3 Issues to Consider for the Ultimate Sale of Your Business

Theresa Marx
May 21, 2019

Almost two-thirds of business owners plan to transfer their ownership sometime in the next decade, yet many are unprepared for the various challenges selling a business presents. We disclose key steps every business owner should consider before making the transition.

Is Selling Your Business In Your Future?
This is the third blog in a three-part series that focuses on transitioning your business.

If you’re planning to sell your business, you’re not alone. Pepperdine University’s 2018 Private Capital Markets Report found that 65% of business owners plan to transfer their ownership interests in the next decade. Yet, not all business owners give themselves adequate time to prepare.

It’s easy for personal financial planning to fall through the cracks when you’re trying to run a business and see the sale process through to completion. However, a large liquidity event can be life-changing, especially with no plan in place. Before you head for the exit, the following considerations may help you plan for the transition.

The decision of when and how to sell a privately-held business is often based on three factors: economics, emotion and need. When a business owner eventually decides to exit the business and sell to a third party, the future can suddenly become very uncertain. Yet, once the decision is made, the seller often moves in haste—a tactic that can be less than ideal in the long term.

If you’re thinking about selling your business to a third party, the following considerations can help you position yourself for success, both pre- and post-sale.

1. Position Your Business for Maximum Value

Whether you’re planning a sale or receive an unexpected offer, making your business as attractive as possible only serves to benefit you. To position your business for maximum value, consider taking the following steps:

  • Clean up all financial statements  

  • Verify that all contractual arrangements are current, including HR-related documents

  • Improve or maintain corporate governance policies and procedures

TAKEAWAY: Valuation can be dramatically affected by seemingly small details. Make sure all business procedures and documents are updated and accurate prior to selling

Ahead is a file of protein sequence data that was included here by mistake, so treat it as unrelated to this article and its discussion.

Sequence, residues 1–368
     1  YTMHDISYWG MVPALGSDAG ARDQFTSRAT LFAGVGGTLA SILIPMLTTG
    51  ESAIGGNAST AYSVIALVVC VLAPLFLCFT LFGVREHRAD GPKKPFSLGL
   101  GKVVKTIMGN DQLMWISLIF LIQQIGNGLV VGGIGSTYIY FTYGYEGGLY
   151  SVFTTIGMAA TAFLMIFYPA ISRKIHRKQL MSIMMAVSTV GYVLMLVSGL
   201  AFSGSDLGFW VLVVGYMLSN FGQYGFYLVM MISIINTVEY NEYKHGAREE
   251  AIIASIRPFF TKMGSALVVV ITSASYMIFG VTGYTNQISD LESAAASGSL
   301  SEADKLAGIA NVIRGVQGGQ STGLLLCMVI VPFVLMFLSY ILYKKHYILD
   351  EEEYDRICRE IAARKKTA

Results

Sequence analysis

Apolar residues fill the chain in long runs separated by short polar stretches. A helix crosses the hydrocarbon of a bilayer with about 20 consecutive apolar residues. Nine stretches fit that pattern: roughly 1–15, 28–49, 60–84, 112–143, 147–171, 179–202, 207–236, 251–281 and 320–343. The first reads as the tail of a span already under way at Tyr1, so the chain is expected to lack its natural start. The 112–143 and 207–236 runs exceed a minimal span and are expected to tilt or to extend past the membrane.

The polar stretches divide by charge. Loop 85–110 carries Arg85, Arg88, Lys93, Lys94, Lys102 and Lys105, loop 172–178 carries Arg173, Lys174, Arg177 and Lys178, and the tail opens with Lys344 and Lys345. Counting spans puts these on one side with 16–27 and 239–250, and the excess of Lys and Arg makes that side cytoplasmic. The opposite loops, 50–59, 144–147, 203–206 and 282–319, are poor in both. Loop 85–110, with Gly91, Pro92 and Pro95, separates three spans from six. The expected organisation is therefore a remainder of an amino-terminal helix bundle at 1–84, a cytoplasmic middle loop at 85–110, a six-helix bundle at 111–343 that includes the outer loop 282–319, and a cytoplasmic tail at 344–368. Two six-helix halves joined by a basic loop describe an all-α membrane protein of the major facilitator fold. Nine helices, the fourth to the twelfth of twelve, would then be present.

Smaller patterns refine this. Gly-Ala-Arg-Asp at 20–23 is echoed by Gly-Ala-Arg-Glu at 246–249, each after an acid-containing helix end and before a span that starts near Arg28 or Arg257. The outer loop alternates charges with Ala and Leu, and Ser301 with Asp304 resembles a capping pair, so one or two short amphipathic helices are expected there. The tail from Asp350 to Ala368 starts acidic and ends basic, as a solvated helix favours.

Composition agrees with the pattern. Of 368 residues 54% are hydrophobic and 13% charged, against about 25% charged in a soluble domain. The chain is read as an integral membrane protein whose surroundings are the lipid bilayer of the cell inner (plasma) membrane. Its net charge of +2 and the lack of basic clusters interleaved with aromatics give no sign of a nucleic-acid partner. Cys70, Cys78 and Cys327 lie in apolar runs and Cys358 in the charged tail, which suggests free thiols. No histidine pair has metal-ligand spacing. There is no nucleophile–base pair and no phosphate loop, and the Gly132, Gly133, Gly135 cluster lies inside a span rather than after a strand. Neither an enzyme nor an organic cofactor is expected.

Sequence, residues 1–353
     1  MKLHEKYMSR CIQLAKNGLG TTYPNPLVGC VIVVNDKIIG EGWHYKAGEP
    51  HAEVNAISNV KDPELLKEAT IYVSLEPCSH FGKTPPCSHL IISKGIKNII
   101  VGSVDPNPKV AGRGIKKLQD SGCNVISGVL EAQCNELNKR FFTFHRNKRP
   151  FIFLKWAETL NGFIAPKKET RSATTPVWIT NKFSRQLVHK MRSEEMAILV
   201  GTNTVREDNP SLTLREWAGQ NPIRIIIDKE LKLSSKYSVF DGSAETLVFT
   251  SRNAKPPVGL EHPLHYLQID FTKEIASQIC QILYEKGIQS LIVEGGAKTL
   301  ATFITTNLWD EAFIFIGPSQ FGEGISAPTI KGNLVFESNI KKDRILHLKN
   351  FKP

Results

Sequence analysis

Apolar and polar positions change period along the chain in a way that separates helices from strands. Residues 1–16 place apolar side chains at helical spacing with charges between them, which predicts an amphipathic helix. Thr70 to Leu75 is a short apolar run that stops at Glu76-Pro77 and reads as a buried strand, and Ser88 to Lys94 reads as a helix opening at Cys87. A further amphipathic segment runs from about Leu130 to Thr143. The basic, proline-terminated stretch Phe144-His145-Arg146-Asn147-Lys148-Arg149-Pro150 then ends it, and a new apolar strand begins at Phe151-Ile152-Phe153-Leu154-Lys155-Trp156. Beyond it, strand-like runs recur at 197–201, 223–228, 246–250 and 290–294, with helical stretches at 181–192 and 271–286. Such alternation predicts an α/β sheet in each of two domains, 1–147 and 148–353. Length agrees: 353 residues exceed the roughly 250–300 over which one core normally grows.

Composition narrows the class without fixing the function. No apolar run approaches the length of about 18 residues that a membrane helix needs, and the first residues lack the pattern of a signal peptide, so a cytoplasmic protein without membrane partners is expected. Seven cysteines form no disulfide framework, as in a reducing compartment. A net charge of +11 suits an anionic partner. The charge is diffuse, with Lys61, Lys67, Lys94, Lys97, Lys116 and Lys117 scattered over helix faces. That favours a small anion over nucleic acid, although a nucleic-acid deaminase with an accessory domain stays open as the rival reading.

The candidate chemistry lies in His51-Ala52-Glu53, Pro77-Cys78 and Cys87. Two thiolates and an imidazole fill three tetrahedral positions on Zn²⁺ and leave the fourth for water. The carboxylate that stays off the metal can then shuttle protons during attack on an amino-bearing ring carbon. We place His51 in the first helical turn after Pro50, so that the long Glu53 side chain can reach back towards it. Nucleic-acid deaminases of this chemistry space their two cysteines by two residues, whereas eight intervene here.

2. Look for Wealth Planning Opportunities

Early planning can have critical wealth transfer advantages. To effectively position yourself and your family for a sale of the business, consider the following tactics:

  • Transfer the business to family members and/or trusts when market value is low

  • Structure the business ownership, and ultimately the sale, with long-term wealth needs and goals in mind

  • Keep future tax issues in mind

TAKEAWAY: Don’t forget about your personal financial goals when structuring the sale of your business.

3. Build the Right Team of Advisors

Selling and transitioning your business can be complex and sensitive. Working with a team of professionals can help minimize business disruptions and internal conflicts while also prioritizing your best interests as the owner. Consider engaging a team of advisors, including:

  • A wealth management advisor

  • An attorney, business accountant and insurance professional

  • A banker and trust officer

  • An expert appraiser, family communications consultant, and, in some cases, family psychologist

TAKEAWAY: Working with a team of experts often gets you the best results.

Selling a business comes with many challenges. However, giving yourself adequate time to prepare and engage a team of trusted advisors helps to ensure that the process is smooth. Whether you plan to sell in one year or ten, it’s never too early to start positioning yourself and your business for long-term success. To learn more, read our full white paper, The Privately Held Business.